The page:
Japan's Top 3 Breweries

Japanese beer has become extremely popular due to its unique flavoring, refreshing taste and distinct body.  Beer lovers everywhere are beginning to wake up to the pleasures of Japan’s top beers, especially when it complements well with Sushi

Japanese breweries have been in operation for decades, some even for a century.  Japan has been a little late to the game, as Japan didn's start drinking beer untill the 17th Century(by the Dutch) and breweries didn't start to open untill the 19th century.  

The historic tradition of Japanese beer making and its unique use of rice, malts, barleys and aroma hops is nobly carried on to this very day by these top three Japanese beer breweries.

Asahi Beer

  • Region:  Osaka, Japan
  • Type:  Lager and Stout and one happoshu (low malt content beer)
  • Taste:  Asahi Draft is a golden, refreshing lager that is light yet rich; Asahi Black is a rich, bold, full-bodied and smooth dark lager made with roasted malt; Asahi Select is a smooth and balanced, yet complex crystal malt made with aroma hops and lager yeast; Asahi Super Dry is a dry, refreshing, crisp and clear premium quality lager; Asahi Hon-nama (happoshu) is wonderfully full for a low malt beer with a pleasant aftertaste.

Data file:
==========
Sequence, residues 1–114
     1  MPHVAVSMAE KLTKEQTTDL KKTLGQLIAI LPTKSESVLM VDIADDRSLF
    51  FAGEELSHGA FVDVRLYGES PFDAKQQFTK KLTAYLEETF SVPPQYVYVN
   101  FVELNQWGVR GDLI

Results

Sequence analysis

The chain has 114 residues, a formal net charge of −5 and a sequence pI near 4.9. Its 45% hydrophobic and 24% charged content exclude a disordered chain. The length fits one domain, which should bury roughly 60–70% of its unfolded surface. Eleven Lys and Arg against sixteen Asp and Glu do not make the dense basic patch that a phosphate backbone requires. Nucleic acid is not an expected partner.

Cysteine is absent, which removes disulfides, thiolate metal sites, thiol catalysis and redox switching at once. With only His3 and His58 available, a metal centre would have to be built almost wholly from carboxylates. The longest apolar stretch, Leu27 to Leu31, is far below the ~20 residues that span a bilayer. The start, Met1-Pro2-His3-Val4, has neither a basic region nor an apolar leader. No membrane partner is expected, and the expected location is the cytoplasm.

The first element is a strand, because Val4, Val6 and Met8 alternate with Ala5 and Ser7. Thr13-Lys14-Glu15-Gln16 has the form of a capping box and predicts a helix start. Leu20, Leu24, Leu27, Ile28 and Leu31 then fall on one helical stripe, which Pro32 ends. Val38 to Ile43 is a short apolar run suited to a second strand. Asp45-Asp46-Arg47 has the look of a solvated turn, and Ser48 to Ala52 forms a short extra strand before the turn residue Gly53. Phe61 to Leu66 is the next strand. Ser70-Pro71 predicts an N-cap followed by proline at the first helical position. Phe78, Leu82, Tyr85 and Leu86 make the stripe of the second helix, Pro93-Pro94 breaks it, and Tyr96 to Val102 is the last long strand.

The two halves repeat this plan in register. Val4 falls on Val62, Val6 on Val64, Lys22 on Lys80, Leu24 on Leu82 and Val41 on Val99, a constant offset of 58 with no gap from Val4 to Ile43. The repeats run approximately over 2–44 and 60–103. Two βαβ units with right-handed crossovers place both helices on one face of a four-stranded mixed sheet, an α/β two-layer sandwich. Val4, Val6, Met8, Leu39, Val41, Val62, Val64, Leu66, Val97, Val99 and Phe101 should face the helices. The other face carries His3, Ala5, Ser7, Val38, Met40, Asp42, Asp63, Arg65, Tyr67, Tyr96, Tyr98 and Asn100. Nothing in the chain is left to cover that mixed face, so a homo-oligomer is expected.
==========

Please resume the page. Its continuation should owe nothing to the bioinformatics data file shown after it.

Kirin Beer

  • Region:  Tokyo, Japan
  • Type:  Malt and one happoshu
  • Taste: Kirin Ichiban is a distinctively smooth, crisp and flavorful malt that has no bitter after taste like other malts; Kirin Light contains only 95 calories but loses none of the flavor Kirin Ichiban has.  It is surprisingly refreshing for a malt; Kirin Tanrei (happoshu) is surprisingly refreshing and clean with just a subtle hint of the malt heavy Kirin Ichiban.

Sapporo Beer

  • Region:  Ebisu, Shibuya, Tokyo
  • Type:  Rice Lager and Malt and one happoshu
  • Taste:  Sapporo Premium is crisp and refreshing with refined bitterness and a clean finish making this rice lager a favorite; Sapporo Premium light has all the taste of Sapporo Premium, but with fewer calories.  It is surprisingly gentle and elegant for a light beer; Sapporo Reserve is a full-bodied malt with complex tastes that bring out the aroma hops with every sip; Hokkaido Nama-shibori (happoshu) has a unique taste all of its own that can only be described as a culinary extravaganza in a beer bottle.

Unfortunately for those elsewhere, happoshu malts are typically only available in Japan.